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Midland farmers market Fridays
The Midland farmers market is open every Friday from 6:00 p.m. to 8:00 p.m., with vendors offering garden produce and other items. Last Friday, the market was held in the Midland Park. On previous Fridays, because of weather or other events in the park, the market has been at the Midland Senior Citizens Center or the American Legion Hall. The scope and number of vendors also changes from week to week. Although last Friday was a bit breezy and hot, there were over half a dozen vendors, and over 30 browsers. According to Julie Schwalm, it was a nice evening for visiting, enjoying the park and supporting friends and neighbors. Wares included tickets to the home and garden tour, the church centennial cookbook “Trinity Lutheran Temptations,” beets, lettuce, carrots, radishes, broccoli, bok choy, fresh herbs, homemade goods of pies, jelly, donuts, a variety of breads, cookies and bars, aprons, recycle bags and Barbie clothes, soup mixes, biscotti, farm fresh eggs, used books, trinkets and jewelry and snow cones. For the upcoming market, Friday, June 29, Schwalm stated, “We are calling it Pre-Fourth Celebration and encouraging vendors to decorate their tables, and for all to wear patriotic clothing. Pastor Andy Blye and/or Morris Daly will play American/patriotic music and there will also be recorded music. They will be using the sound system that was donated to the American Legion Hall.” “The market welcomes new vendors. Bring your garden produce, homemade goodies and craft items, or just things you want to get rid of.
Students from across South Dakota spread out on pastures southwest of Philip June 19 and 20 to compete in Rangeland Days. The students rotated amongst plots identifying plants and completing site evaluations. Full story and more photos on Photo by Nancy Haigh page eight.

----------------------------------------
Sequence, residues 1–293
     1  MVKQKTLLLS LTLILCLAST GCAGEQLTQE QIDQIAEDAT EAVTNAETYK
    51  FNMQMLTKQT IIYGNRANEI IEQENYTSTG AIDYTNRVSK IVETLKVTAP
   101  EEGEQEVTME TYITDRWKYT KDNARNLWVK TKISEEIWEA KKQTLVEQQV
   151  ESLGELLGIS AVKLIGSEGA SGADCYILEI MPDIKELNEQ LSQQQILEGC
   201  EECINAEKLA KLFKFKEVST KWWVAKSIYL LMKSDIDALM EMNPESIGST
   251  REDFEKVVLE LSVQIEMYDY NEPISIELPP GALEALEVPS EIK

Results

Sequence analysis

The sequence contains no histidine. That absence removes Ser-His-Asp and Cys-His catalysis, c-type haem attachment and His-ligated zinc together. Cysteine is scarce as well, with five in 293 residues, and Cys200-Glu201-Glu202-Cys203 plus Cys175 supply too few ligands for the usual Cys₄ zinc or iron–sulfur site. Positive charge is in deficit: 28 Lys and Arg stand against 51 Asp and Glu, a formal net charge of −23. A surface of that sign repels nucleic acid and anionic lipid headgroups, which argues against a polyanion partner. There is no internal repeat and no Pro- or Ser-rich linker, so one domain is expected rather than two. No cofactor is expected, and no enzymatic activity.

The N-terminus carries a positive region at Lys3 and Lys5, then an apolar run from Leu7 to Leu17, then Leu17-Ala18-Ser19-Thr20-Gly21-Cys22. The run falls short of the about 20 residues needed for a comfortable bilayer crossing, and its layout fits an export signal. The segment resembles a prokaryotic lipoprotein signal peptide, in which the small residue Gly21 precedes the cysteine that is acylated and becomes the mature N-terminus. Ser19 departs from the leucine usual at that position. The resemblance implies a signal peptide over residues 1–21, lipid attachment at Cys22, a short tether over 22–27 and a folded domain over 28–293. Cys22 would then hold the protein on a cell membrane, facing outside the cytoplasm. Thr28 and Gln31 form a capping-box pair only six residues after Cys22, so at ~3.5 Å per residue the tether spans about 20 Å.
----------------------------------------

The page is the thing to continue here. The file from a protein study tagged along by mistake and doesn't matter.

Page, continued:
Evangelical Free Vacation Bible School
Above, some of the participants at the last Midland farmers market were, from left, Karel Reiman, Gloria Schofield Hansen and Sonia Nemec, with Nemec modeling one of Hansen’s aprons. Below are Betty Block, Peggy Martin, Sonia Nemec and Carolyn Manke. Courtesy photos
The market is trying for a wide range of vendors to attract a wide range of customers,” stated Schwalm.
To be a vendor or keep posted on the market, call 843-2256, email midlandmarket@hotmail.com or check Facebook/MidlandMarket.
The Community Evangelical Free Church west of Philip sponsored a Vacation Bible School for youngsters four-years-old and older, Tuesday through Friday, June 19-22. Each evening, the youth sang songs, created crafts and played games that were based on the Bible. Under this year’s theme “Paradise Island,” there were beach and island decorations, Bible verse based crafts, self-created snacks and plenty of water games. A total of 20 children were involved, with volunteer leaders also numbering about that many. A stage presentation summarizing the week was done on the last evening. Photo by Bartels